Postdialysis recovery time is extended in patients with greater self-reported depression screening questionnaire scores
Da Silva Gane, Maria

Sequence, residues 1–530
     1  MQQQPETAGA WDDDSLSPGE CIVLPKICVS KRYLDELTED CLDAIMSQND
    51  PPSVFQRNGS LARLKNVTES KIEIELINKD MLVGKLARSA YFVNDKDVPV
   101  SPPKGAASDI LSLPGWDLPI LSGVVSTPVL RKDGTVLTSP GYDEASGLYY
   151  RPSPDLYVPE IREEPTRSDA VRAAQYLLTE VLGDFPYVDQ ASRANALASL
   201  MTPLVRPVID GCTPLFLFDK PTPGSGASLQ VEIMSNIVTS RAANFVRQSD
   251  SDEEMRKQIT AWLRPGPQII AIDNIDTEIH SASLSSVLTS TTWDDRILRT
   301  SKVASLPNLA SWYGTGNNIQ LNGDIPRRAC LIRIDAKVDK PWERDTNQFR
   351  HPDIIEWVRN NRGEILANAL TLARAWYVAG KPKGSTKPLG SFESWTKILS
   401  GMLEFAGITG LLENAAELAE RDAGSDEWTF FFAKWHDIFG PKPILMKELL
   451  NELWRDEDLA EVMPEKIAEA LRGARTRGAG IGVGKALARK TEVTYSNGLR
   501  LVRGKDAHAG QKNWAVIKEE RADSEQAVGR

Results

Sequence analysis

Introduction: Most patients take time to recover after a hemodialysis (HD) session. It has been suggested that recovery time is associated with intradialytic hypotension and rapid solute clearances. Other studies have reported a linkage to depression. We investigated the association between recovery time and intradialytic hypotension and depression. Methods: In five UK HD units, we screened for depressive symptoms using the Beck depression inventory-II, Patient Health Questionnaire, and recorded sessional blood pressures and Kt/Vurea. Findings: Seven hundred and one HD patients were studied; 63.6% male, mean age 64.1 ± 16.6 years, 33.5% diabetic. About 24.1% recovered in <1 hour, 27% 1–4 hours, 15.4% 4–8 hours, 10.7% 8–12 hours, and 22.8% after 12 hours. Systolic blood pressure fell by ≥20 mmHg in 30.9% postdialysis, and to <100 mmHg in 7.6%. In multivariate analysis, patients with recovery times >1 hour were more likely to be female, have high self-reported Beck depression inventory-II scores, a past medical history of depression, and be living without a partner. Longer recovery times were also associated with very low postdialysis systolic blood pressures (<100 mmHg), and higher body weight. However, the model predicted only 18% of the variation in recovery times. We found no association between recovery times and short-term mortality risk. Discussion: Prolonged postdialysis recovery times are associated with higher self-reported depression scores, and very low postdialysis blood pressure. Future studies investigating changes in dialysis practice and recovery times will need to target strategies to prevent intradialytic hypotension and adjust for patient psychological status.